Sandy Grant, who won $10 million with a scratch card on Saturday, is sitting in the front room of her modular home in Edgartown, swatting flies with a rolled-up instruction manual. Her count is two kills from 10 attempts since the conversation with a reporter began. “I’ve been looking to get a fly swatter,” she says thoughtfully, still musing on the viability of the idea. It is the type of item Ms. Grant feels she can now afford, but it is important for her to need the things she buys.
This makes sense — it was less than a week ago that Ms. Grant, 58, needed to travel out of her way in search of a bargain. “When you’re a person who works you wait for the sales,” she says. She has worked more than one job for as long as she can remember. “I heard Reliable Market was having this big sale so I headed down to get a few things.” A few minutes later, after a stop to pick up a scratch card at Our Market in Oak Bluffs, she was a multi-millionaire.
Her reaction was not typical.
Taking a coin to the last line of the scratch card in the Our Market parking lot she turned back into the store for the attendant to read the “$10 million dollars,” she thought she saw printed at the bottom of the ticket. After getting confirmation on this and thanking the manager, she got back in her car and drove on to the grocery shop. “I got to the dog food section and I thought ‘Well, I don’t have to go for the home brand here, I’ve got some money coming to me,’ ” she says. So she got some dry dog food. “That stuff’s very expensive,” she adds, perhaps sensing she has failed to relay the extravagance of this purchase.
Then she went home and started calling. She invited cousins and friends round for dinner the following night. She spent the day cooking a roast ham, turkey and homemade strawberry shortcake. “It was all my favorite stuff, but it was great to share it. So what if you have a lot of dishes to do at the end? It’s more exciting than just a girlfriend and boyfriend sitting there celebrating.”
She did splurge a little when she went in person to pick up her winnings from the lottery headquarters in Braintree on Tuesday. “ ’Course I had to get my hair done before,” she says. “Living in Katama your hair doesn’t stay in place much. And I did my makeup so I looked okay for the lottery office. That was a good idea, right?” She carries the weight of expectation of everyone who has ever imagined what they would do with a million dollars.
Ms. Grant was born and raised in Edgartown and has lived in the village all her life. “I’ve been playing the lottery for quite a few years,” she says, “I won two thousand dollars last month. I guess you could say I’m lucky.” The odds of a thousand dollars are approximately ten thousand to one. The odds of winning $10 million on the Billion Dollar Blockbuster are staggeringly long: 1 in 6,552,000.
The money doesn’t come at once — there are 20 equally-weighted checks issued over 20 years. Ms. Grant tries to imagine where she’ll be by then. “I’ll be 78. I just hope I’m still active and healthy. By then my son will have been married and I’ll have grandchildren. And I will have done my traveling.”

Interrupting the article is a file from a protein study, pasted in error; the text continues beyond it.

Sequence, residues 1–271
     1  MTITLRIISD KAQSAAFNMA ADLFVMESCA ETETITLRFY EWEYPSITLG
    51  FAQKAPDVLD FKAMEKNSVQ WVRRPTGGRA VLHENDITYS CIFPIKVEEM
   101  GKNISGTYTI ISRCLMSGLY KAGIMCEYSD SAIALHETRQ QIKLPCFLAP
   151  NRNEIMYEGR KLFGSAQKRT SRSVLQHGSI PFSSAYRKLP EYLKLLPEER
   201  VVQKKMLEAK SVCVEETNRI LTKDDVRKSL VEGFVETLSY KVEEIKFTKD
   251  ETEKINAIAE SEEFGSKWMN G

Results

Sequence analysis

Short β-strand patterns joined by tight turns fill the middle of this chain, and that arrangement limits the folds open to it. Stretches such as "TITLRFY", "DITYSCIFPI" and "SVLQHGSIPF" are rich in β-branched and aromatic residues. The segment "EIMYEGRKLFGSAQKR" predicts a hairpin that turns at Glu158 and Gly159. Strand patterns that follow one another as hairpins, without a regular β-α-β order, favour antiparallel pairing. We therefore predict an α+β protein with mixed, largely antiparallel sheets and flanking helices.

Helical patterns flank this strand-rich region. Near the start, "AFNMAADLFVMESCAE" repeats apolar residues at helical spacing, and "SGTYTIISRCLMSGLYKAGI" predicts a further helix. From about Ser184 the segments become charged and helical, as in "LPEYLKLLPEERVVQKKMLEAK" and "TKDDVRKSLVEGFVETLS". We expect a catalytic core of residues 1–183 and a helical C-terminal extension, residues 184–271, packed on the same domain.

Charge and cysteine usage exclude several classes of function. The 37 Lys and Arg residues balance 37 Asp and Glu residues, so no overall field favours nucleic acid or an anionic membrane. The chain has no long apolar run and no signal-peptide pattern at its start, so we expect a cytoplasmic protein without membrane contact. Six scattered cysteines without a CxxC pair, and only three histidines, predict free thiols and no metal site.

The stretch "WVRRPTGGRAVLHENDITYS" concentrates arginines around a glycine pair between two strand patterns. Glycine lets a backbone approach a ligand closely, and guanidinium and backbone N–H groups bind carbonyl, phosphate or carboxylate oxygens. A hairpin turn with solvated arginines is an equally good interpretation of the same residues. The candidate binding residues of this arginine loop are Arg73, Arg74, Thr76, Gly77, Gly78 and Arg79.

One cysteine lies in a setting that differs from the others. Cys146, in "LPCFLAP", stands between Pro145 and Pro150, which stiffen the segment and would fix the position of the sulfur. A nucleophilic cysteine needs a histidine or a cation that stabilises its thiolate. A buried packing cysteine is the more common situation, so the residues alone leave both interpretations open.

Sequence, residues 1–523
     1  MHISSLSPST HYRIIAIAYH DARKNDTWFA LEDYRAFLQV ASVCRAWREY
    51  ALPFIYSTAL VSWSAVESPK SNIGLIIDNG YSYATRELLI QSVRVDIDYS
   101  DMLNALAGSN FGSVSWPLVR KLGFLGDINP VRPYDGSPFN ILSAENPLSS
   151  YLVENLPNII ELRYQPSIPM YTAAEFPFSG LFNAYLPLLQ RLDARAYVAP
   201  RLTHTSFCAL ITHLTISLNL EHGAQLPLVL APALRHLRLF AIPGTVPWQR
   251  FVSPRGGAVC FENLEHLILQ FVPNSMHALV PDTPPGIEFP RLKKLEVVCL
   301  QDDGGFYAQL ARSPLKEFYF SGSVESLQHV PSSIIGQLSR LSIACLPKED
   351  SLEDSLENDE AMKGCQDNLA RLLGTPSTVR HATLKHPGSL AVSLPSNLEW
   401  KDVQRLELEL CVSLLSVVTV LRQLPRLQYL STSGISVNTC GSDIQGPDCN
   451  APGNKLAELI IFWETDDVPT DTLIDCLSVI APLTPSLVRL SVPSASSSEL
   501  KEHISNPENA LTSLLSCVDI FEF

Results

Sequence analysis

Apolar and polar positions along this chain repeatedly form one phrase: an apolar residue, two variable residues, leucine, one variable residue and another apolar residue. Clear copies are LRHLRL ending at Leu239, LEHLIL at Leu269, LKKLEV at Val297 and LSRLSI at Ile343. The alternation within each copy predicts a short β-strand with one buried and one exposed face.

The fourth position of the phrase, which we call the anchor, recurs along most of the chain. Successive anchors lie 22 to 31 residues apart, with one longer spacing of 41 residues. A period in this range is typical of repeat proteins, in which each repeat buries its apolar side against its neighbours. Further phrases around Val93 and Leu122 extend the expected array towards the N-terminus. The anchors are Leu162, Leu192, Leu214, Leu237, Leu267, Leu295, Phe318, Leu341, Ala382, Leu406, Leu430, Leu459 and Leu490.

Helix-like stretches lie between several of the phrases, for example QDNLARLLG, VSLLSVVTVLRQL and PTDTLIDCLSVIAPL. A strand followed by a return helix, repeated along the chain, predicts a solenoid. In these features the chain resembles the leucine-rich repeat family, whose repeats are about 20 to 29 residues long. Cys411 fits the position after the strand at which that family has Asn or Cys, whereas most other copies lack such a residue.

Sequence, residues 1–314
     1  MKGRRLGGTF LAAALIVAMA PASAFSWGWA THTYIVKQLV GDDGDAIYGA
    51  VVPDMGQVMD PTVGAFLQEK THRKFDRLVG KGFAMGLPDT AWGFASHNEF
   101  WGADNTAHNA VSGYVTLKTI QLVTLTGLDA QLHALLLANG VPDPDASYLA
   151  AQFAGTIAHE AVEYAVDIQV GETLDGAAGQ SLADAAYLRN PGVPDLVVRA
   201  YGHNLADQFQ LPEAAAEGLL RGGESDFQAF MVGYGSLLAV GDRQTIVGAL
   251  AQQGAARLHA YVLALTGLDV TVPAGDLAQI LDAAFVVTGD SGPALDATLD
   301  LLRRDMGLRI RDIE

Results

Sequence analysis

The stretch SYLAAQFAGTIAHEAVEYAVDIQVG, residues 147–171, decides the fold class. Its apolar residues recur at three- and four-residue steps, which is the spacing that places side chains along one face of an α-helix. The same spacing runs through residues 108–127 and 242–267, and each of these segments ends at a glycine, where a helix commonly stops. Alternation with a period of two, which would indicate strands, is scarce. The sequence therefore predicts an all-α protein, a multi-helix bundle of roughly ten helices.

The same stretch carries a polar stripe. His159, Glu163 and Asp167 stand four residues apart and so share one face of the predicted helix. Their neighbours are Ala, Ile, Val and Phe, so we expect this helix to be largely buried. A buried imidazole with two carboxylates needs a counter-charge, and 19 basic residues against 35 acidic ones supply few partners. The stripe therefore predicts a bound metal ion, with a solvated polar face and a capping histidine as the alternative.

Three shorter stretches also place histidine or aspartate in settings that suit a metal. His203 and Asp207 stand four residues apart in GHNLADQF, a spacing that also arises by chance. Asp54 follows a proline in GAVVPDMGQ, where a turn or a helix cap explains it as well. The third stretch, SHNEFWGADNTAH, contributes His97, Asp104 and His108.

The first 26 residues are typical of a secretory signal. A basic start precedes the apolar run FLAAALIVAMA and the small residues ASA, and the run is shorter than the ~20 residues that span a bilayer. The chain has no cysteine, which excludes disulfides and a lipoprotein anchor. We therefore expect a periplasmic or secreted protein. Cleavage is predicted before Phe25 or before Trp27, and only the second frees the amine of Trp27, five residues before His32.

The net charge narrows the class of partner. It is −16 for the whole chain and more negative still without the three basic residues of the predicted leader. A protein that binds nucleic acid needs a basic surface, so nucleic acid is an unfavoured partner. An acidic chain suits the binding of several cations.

She has thought about a cruise, a rite of passage for lottery winners, but for her the motivation is more personal than most: working as a tour bus guide and doubling as a taxi driver she has yearned to be on the other side of that particular tourist transaction. “I would watch the cruise boats come into the harbor and I always thought, it’s a beautiful image out there. I would ask all those people, ‘What’s it like out there? Is there room for one more?’ ” she says. “They have good food prepared on those boats . . . and they take care of you.”
Her circumstances are unique and her spending habits are bound to reflect that. For instance, the immediate benefactors of her multimillion dollar windfall will be the seven miniature horses she has grazing at the back the house; she calls them her four-legged children. They will be getting leather halters, maybe with their names on them. One of the tiny horses, Flicka, is currently being trained to pull a cart. “I want to get back into driving horses,” says Ms. Grant, who has had a lifelong passion for riding and showing horses. She gave up riding horses at the end of her 20s when, working two jobs and trying to secure the future for her new son, she feared that she wouldn’t be able to pay medical bills or to miss work, if she ever fell. Instead she began to breed, transport and sell miniatures.
In a moment of uncharacteristic fiscal recklessness she bought a new car last year, a Honda Accord. “I knew I shouldn’t be doing it,” she said, “but I thought I just have to make the payments somehow.” Obviously issues like this will not be a problem now but her worries aren’t over and she hasn’t been sleeping the past few days. “It’s exciting and it’s scary,” she says, “I’ve been spacing out. I haven’t even fed the horses yet today.” But she is taking her next steps tentatively. “Some people would faint and scream or hop on the boat, but I’ve got to think. I’ve got to talk to some people.” One of the people she has talked to is a financial advisor. “I know the stock market’s not doing good at the moment and I’m no good on that stuff anyway.”
Though she is adamant that she always liked working and has enjoyed her job-juggling, she has already made a call to her boss at the tour bus company. “I told him to take me off schedule for the summer,” she says. The taxi work is history too. “I liked it but I had to stay with the taxi all day and I couldn’t check on the animals.”
She issues a quick reminder that it is all still sinking in. “Now I have to go and make a deposit at the bank,” she says, suddenly giddy. “You can probably guess what it is.”